In the finite case, let $|H|=k$; then $|G|=kn$. There are at most $n$ distinct conjugates. Since the identity element is in all of the conjugates, the union of the conjugates of $H$ has at most $$n(k-1)+1 = nk-n+1\text{ element}$$ and since we are assuming $n\gt 1$, it follows that $$\left|\bigcup_{g\in G}gHg^{-1}\right| \leq nk-(n-1) \lt nk = |G|,$$ so the union cannot equal all of $G$.

share|cite|improve this answer
Can you explain how that reduces to the finite case ? – WLOG Mar 18 '12 at 18:00
@stef: $K$ is of finite index, since $G/K$ embeds in $S_n$, and the conjugates of $H$ in $G$ correspond to the conjugates of $H/K$ in $G/K$. So $G$ is a union of conjugates of $H$ in $G$ if and only if $G/K$ is a union of conjugates of $H/K$ in $G/K$. – Arturo Magidin Mar 18 '12 at 19:59
Could you clarify your action of $G$ on $H$? If you take $H$ as a $G$-set by conjugation, I don't see how you get $S_n$, especially the subscript $n$. Are you taking $G/H$ as $G$-set? – julypraise Apr 5 '14 at 18:41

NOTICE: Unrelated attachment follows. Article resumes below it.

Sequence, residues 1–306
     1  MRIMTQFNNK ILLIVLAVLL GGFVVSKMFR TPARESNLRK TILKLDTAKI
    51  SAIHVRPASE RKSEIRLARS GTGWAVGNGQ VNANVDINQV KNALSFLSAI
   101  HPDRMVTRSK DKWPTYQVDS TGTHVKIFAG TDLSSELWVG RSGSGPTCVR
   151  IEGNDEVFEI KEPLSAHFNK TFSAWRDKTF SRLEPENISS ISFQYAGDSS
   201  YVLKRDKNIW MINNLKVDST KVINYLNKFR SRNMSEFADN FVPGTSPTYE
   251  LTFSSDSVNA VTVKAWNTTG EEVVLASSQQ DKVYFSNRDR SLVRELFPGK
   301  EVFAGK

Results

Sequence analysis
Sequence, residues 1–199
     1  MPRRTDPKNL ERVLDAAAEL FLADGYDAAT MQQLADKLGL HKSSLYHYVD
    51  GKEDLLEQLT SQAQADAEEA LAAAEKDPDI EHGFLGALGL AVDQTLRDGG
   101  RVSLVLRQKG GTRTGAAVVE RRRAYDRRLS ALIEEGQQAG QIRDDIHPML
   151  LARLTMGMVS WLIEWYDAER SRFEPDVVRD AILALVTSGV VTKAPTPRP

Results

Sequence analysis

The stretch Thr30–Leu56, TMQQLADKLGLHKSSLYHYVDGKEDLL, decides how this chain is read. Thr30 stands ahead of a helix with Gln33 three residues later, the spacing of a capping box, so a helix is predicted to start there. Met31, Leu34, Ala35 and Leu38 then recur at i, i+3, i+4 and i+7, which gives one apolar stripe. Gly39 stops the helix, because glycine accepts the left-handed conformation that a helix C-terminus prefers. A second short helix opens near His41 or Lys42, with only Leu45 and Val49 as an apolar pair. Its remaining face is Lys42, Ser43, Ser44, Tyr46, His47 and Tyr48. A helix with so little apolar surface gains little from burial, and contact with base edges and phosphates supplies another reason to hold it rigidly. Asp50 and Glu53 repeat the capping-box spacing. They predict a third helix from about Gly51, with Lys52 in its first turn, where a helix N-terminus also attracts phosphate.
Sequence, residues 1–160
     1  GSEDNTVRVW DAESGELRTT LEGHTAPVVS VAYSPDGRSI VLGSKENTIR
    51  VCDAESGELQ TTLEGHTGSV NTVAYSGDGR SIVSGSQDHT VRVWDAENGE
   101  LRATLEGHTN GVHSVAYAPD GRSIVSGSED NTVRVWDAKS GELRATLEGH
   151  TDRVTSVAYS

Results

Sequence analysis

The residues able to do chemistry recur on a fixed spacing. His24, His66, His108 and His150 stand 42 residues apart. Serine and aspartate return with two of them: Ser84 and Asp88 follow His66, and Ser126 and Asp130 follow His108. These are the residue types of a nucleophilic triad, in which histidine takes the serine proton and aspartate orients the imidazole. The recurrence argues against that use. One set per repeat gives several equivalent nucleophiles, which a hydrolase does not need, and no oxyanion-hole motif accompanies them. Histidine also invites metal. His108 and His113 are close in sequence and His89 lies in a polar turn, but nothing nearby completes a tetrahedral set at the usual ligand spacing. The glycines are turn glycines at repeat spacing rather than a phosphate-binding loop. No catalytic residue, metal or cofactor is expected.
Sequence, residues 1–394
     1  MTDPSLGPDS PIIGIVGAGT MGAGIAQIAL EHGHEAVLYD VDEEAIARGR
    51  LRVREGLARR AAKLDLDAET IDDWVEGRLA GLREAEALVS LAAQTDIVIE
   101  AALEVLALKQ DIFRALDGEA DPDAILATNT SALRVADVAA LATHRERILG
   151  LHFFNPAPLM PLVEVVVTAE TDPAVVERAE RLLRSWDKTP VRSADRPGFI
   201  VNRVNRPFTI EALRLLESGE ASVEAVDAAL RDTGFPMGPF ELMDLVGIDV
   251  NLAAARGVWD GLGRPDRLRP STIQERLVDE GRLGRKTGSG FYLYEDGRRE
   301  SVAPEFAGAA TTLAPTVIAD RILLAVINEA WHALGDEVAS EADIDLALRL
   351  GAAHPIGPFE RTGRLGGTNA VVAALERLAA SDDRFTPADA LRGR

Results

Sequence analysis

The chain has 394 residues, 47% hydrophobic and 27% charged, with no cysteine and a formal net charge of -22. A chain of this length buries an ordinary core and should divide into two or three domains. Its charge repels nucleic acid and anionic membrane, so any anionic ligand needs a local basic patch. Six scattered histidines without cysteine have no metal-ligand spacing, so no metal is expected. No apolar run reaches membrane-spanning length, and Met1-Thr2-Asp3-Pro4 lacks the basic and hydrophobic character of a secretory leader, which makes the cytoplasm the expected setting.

For a better bound using representations of finite groups, see the paper On a theorem of Jordan, by J-P. Serre (Bulletin AMS, 2003). This paper relates this algebraic result with the exercise discussed on this other thread:… – ACL Apr 13 '14 at 10:24
@Travis: (I know it's over a year late, but I just thought through why there at most $n$ distinct conjugates. The idea is that if $g_2 = g_1 h$ for some $h\in H$, then conjugation of $H$ by $g_2$ and $g_1$ gives the same thing. So, the number of conjugates of $H$ is at most the index of $H$.) – Jason DeVito Nov 10 at 18:46

I think the Orbit-Stabilizer Theorem can be applied here.

Let $G$ have order $n$, and since $H$ is a proper subgroup, let $[G\colon H]=m>1$. Let $N(H)$ be the normalizer of $H$ in $G$, which contains $H$. As such, $[G\colon N(H)]\leq[G\colon H]$.